Communique #3

January 11, 2004
Communique #3
Let me pick up where I left off last night with a scattering of notes I made on the discussions
Robert Olen Butler quotes Japanese filmmaker Kurosawa who said "to be an artist is to never avert your eyes"  He said the artist is deeply conscious of the primary ways we encounter the world.  The artist encounters senses and emotions directly in his body without intellectual constructs and what he sees is chaos.  The artist also sees order behind the chaos.
The non-artist believes order can be expressed with abstract ideas (math, science, philosophy, religion).   For the artist to not avert his eyes is to observe order in the moment-to-moment sensual experience and to reinvent these moments as art objects which reflect the artist's experience in the moment and resonate with truth.  He says, "Art comes from the unconscious -- from where we dream."
Clark Blaise gave a hilarious speech on the artist as a smuggler.  He mentioned his father who during the Prohibition smuggled whiskey and spirits to the US.  Blaise said "Jews in Montreal made the whiskey, French Canadians smuggled it across the border to the Irish mafia who delivered it to the Italian mafia.  This is how they gave the finger to the Protestant establishment."
Elizabeth Nunez, novelist from Trinidad, says she was amazed at how a racial identity was imposed on her when she first came to the US.  Race was pretty invisible in Trinidad.  Her father, an intellectual, changed the family name from Nunes to Nunez because he didn't want to be associated with the (white) Portuguese of Trinidad who were primarily shopkeepers.  Divisions were more class-based than race-based.
My thought:  When do we feel at home in our skin no matter how others treat us or impose stereotyped identities on us.  What would make that possible?  Is it a good thing?  (Is the feeling at home in your skin a point of redemption for the characters in immigrant-themed novels?)
Andrei Codrescu, a novelist, poet, essayist, and NPR broadcaster originally from Romania, in a panel on the topic, "What does an immigrant writer know that a non-immigrant writer does not know."  Among his answers were the following:
The immigrant writer knows that the non-immigrant writer doesn't know he's a non-immigrant writer.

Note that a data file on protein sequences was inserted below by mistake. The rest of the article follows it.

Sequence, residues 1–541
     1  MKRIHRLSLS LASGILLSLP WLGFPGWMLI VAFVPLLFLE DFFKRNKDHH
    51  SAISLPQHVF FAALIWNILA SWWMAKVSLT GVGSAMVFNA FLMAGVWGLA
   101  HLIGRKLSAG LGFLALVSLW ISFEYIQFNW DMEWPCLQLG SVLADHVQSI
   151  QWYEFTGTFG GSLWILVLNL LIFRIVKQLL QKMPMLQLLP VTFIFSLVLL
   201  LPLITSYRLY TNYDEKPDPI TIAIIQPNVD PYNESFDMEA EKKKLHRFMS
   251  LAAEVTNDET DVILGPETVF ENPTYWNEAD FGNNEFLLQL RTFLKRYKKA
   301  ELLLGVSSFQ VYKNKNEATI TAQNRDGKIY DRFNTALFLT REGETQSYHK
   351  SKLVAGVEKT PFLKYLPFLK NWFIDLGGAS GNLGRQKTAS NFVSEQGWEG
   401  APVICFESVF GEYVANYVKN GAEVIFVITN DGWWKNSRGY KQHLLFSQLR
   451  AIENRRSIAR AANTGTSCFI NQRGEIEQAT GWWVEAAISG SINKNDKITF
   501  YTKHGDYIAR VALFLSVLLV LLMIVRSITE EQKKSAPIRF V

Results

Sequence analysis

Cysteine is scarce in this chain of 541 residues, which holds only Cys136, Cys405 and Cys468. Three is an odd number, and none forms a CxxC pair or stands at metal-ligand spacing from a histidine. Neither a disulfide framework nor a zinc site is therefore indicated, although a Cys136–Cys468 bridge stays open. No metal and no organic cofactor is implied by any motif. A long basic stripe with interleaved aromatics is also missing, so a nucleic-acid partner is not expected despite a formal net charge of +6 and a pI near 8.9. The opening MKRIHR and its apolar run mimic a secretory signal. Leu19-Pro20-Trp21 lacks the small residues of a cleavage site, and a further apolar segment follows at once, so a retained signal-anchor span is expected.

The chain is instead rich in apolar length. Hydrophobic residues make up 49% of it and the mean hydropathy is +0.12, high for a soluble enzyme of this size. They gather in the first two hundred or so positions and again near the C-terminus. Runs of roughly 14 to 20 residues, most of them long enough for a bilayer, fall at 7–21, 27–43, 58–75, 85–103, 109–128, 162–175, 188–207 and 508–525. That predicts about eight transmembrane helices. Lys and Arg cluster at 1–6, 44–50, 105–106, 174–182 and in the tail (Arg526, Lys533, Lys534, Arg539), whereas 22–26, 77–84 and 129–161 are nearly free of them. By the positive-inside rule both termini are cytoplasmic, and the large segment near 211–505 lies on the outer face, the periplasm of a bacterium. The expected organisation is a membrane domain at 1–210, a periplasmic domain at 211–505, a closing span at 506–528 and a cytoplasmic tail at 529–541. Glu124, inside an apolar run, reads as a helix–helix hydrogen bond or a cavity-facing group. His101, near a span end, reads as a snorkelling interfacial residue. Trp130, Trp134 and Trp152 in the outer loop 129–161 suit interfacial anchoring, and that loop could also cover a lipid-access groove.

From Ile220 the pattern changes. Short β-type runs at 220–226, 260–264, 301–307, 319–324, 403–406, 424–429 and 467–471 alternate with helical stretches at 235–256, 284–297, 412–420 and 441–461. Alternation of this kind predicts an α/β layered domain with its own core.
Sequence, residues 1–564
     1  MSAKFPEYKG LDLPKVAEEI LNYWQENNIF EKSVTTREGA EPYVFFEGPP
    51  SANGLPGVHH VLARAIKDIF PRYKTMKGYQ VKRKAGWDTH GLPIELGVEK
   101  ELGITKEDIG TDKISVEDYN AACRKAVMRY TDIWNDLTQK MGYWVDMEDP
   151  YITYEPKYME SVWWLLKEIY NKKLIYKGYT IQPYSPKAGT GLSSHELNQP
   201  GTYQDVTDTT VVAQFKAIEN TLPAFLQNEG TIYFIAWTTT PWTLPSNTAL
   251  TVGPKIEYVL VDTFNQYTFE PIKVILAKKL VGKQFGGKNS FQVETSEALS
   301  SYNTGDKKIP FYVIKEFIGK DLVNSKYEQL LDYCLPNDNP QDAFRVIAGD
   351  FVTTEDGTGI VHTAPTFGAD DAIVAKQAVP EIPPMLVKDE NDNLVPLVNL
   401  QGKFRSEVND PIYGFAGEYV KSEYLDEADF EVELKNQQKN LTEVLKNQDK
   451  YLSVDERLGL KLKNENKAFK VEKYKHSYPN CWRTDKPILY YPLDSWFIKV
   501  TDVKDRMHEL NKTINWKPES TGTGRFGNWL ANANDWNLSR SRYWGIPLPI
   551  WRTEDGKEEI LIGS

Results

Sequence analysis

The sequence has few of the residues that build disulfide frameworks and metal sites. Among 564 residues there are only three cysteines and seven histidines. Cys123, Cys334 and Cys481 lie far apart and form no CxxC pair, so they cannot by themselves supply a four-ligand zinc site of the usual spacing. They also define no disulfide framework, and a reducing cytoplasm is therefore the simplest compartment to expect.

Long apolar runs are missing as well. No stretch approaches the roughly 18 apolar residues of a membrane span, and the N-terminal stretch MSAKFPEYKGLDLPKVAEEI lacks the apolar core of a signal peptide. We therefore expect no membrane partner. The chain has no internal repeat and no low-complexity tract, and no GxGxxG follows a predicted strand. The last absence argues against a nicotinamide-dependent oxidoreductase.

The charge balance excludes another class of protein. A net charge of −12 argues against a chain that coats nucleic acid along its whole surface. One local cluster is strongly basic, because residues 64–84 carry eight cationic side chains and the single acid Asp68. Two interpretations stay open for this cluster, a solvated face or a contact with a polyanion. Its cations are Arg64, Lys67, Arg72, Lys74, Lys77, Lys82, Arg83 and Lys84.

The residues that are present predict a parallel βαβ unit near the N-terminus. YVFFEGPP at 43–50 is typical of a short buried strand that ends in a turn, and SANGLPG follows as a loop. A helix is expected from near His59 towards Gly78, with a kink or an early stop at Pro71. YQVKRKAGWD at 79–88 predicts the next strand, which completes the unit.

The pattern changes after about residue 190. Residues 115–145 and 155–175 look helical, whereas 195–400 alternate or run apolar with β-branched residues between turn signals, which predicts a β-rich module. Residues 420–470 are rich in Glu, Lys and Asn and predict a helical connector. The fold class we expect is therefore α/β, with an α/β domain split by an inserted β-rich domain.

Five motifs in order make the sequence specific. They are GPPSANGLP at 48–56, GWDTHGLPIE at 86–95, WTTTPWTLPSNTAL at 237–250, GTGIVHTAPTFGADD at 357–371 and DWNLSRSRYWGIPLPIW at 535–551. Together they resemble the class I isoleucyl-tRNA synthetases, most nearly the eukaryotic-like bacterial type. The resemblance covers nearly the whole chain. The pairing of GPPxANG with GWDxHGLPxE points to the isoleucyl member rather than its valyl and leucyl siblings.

The immigrant writer struggles and wrestles with language.  The non-immigrant writer takes his language for  granted.
The immigrant writer knows more about pain, including the pain of Nazism, communism, Castroism, Pol Potism.
The non-immigrant writer knows about the pain of bad parenting, nervous breakdowns, divorce, the terrible career choice to be a writer, alcoholism.
The non-immigrant writer has the uneasy feeling that his suffering is inferior to the immigrant writer's.
The immigrant writer knows the sounds, smells, objects, customs, and languages of an exotic culture.
The immigrant writer knows that the public's taste for the exotic waxes and wanes.
There were more.
Francisco Goldman, a Russian-Jewish-Catholic-Guatamalen writer, says the US overthrew a democracy in Guatamala and "still has a death grip on the country.  200,000 citizens were massacred.  They essentially created countries where poor people can't live."
He  tells a story of the differing perceptions of the immigrant workers and describes an interview he had with the owner of a top Manhatten restaurant.  The owner said Mexicans get ahead because they are so hardworking.  The owner gave the example of a Mexican who started as a busboy and with skill, attitude, commitment and hard work, rose above the white kids trained at the best cooking schools, and became a sous-chef making $80,000 a year.   Goldman then interviewed the Mexican sous-chef.  He said, "We rise because we Mexicans know how to put up with a lot."
Cristina Garcia, a Cuban-American novelist, says what is a newsbite or moment of ire for the non-immigrant writer -- such as the war in Sarajevo or the invasion of Guatamala -- for the immigrant writer is their history.  They will never forget.  In the memory of the refugee, "the half-life of the arrogant misuse of power is forever." 
Writing is so difficult for some because there is so much anger...and you can't be didactic and preachy.  "Nothing ruins literature more than piety."  that is writing as though you have the answers.
It is getting late and I still haven't finished with Friday...but let me add one more thing from Andrei Codrescu.  He talked about the effect of the censors on east-European writers.  He said when there are censors, you use language in subversive ways.  You write for readers who could read between the lines. These were either wonderful readers -- or censors who were the best readers of all.  In Eastern Europe, without censors you have a different literature.  Writers are confused because they're not important.
Codrescu said an assignment he would give his students was:
Write a poem that will get you arrested.